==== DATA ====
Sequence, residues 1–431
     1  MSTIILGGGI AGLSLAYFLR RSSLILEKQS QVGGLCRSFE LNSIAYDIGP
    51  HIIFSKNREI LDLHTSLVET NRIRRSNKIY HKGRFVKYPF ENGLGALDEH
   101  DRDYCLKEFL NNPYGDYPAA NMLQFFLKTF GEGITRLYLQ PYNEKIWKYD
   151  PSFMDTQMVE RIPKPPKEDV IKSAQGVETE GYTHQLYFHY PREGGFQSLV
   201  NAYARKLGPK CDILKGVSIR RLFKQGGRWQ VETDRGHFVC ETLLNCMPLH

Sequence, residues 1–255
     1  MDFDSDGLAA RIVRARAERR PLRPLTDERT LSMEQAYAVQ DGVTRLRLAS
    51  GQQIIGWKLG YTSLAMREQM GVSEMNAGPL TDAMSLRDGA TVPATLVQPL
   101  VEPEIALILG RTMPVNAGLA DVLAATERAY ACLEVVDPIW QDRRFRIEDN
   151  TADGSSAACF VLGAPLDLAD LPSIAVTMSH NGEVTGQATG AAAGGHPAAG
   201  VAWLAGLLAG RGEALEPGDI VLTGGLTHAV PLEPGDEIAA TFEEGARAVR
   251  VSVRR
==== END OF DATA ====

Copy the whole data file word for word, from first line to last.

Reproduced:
Sequence, residues 1–431
     1  MSTIILGGGI AGLSLAYFLR RSSLILEKQS QVGGLCRSFE LNSIAYDIGP
    51  HIIFSKNREI LDLHTSLVET NRIRRSNKIY HKGRFVKYPF ENGLGALDEH
   101  DRDYCLKEFL NNPYGDYPAA NMLQFFLKTF GEGITRLYLQ PYNEKIWKYD
   151  PSFMDTQMVE RIPKPPKEDV IKSAQGVETE GYTHQLYFHY PREGGFQSLV
   201  NAYARKLGPK CDILKGVSIR RLFKQGGRWQ VETDRGHFVC ETLLNCMPLH

Sequence, residues 1–255
     1  MDFDSDGLAA RIVRARAERR PLRPLTDERT LSMEQAYAVQ DGVTRLRLAS
    51  GQQIIGWKLG YTSLAMREQM GVSEMNAGPL TDAMSLRDGA TVPATLVQPL
   101  VEPEIALILG RTMPVNAGLA DVLAATERAY ACLEVVDPIW QDRRFRIEDN
   151  TADGSSAACF VLGAPLDLAD LPSIAVTMSH NGEVTGQATG AAAGGHPAAG
   201  VAWLAGLLAG RGEALEPGDI VLTGGLTHAV PLEPGDEIAA TFEEGARAVR
   251  VSVRR